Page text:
Some Tea Party activists aren't lamenting Rep. Jeff Flake's (R-Ariz.) decision to skip addressing the group's national convention in Phoenix this weekend.
Flake announced Feb. 14 his intention to succeed Sen. Jon Kyl (R-Ariz.) in the upper chamber. With the House on recess, he's been free to campaign back in Arizona but isn't on the schedule to appear at the Tea Party Patriots' convention in Phoenix, which is expected to draw some 3,000 activists. One of Flake's potential rivals for the GOP Senate nod, former Rep. J. D. Hayworth, is expected to be there, but doesn't have a speaking slot.
Flake's decision to forgo addressing the convention could have something to do with the reception he'd receive from attendees.
"He would not be popular amongst this group because of his border stance," Ron Ludders, chairman of a Tea Party group called Arizona 2012 Project, told The Ballot Box. "You'll find that most Tea Party Patriots are really, really strong border people. Flake is not somebody that the Tea Partiers hold in high regard in terms of his [position] on border issues."
Flake has said any suggestion that he supports, or has ever supported, amnesty for illegal immigrants is nothing but a trumped-up charge his political opponents have tried to level against him in recent years.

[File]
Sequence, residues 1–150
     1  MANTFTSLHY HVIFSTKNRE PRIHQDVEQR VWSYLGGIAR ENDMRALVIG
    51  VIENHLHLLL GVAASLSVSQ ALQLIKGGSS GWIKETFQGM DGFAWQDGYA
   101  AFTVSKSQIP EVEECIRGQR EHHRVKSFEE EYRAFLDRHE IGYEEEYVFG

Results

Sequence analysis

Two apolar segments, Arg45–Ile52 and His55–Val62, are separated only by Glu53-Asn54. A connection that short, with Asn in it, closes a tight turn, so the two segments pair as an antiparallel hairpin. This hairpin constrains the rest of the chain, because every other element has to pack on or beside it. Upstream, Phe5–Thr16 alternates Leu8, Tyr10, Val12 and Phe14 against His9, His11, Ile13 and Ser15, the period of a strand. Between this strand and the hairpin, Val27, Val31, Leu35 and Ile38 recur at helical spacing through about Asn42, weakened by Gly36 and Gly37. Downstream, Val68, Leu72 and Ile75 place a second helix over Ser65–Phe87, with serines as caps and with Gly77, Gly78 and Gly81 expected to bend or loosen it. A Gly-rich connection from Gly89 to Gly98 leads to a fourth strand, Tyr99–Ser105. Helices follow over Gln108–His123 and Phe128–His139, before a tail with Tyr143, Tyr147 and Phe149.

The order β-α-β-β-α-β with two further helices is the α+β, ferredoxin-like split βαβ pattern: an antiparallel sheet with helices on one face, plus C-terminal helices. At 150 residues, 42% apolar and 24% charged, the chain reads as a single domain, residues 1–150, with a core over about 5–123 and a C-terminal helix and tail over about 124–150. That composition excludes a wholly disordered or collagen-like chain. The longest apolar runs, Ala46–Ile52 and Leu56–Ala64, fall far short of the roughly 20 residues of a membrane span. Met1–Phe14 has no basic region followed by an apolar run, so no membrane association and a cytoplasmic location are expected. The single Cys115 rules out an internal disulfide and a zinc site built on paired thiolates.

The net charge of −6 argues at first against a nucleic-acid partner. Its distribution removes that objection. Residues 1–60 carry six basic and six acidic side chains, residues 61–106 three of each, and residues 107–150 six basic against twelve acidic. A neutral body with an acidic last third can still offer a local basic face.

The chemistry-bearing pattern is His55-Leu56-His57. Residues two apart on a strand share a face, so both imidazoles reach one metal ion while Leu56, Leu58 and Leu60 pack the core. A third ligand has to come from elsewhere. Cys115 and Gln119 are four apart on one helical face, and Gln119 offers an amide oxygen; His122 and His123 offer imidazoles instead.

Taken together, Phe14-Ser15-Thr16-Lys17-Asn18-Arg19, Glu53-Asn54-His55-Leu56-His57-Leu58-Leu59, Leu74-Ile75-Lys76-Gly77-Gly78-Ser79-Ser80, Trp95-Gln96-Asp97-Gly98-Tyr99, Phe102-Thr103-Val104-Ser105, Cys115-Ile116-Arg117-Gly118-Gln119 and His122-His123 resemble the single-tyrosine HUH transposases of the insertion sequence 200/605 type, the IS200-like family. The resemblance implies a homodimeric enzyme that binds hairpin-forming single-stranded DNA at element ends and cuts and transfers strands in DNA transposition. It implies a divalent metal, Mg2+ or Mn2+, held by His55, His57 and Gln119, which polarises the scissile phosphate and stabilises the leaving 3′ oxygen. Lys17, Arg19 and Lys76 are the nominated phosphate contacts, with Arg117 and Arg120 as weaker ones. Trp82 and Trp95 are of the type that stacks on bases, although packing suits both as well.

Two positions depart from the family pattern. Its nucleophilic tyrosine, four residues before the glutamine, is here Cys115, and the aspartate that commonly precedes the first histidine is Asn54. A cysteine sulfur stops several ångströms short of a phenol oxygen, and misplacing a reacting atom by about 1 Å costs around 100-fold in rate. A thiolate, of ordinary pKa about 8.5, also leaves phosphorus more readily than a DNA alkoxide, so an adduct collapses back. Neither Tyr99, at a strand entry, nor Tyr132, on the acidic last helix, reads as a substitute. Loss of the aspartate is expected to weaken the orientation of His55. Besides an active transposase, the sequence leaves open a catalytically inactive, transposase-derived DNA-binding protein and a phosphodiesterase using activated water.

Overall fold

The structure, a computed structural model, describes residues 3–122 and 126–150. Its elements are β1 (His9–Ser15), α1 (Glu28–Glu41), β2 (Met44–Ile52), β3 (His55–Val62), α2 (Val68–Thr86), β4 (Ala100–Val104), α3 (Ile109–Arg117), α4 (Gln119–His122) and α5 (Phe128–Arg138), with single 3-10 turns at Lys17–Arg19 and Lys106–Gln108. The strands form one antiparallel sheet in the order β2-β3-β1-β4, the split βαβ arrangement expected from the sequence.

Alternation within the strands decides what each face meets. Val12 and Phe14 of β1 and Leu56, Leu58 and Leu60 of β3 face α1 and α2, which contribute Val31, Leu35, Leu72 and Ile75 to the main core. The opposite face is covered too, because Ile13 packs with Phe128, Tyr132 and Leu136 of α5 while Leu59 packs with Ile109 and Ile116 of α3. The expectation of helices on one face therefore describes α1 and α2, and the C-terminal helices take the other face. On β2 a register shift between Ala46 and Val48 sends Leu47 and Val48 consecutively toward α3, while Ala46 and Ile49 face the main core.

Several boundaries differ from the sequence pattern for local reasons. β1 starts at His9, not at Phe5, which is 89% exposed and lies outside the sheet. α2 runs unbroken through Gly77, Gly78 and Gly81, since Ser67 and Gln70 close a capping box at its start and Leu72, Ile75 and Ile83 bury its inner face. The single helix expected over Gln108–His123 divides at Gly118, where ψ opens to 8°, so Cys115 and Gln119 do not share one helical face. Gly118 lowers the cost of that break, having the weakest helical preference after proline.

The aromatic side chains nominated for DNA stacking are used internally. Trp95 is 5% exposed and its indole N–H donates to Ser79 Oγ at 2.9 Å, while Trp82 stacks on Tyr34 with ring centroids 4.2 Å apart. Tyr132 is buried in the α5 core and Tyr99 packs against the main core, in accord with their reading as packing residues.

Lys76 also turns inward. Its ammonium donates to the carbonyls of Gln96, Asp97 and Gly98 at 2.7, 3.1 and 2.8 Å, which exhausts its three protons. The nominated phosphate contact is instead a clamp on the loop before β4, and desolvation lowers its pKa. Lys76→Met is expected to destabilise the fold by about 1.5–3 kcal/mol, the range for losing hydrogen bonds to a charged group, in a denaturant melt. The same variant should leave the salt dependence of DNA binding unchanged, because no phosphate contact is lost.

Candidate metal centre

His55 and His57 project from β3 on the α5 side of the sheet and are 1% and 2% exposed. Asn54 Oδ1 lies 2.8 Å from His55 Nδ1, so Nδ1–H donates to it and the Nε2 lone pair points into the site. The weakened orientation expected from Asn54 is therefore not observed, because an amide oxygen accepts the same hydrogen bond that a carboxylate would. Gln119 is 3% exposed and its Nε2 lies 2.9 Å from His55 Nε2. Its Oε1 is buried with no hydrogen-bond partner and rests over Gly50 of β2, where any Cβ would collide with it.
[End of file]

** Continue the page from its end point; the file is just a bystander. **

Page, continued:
"I'm sure some will try to allege that again," he recently told The Hill. "But that doesn’t stick. When they look at what I've supported, I've voted for every border-security piece of legislation there has been. I just recognize that nearly half of those who are here didn’t sneak across the border. They came legally and have overstayed, and you can’t ignore that population.”
A spokeswoman for Flake said the congressman was trying to stop by the convention after it opens Friday evening, but he will be on a trip to the Arizona-Mexico border over the weekend. The Tea Party's three-day convention features speeches from several potential presidential candidates including former Minnesota Gov. Tim Pawlenty (R), Texas Rep. Ron Paul (R) and businessman Herman Cain (R)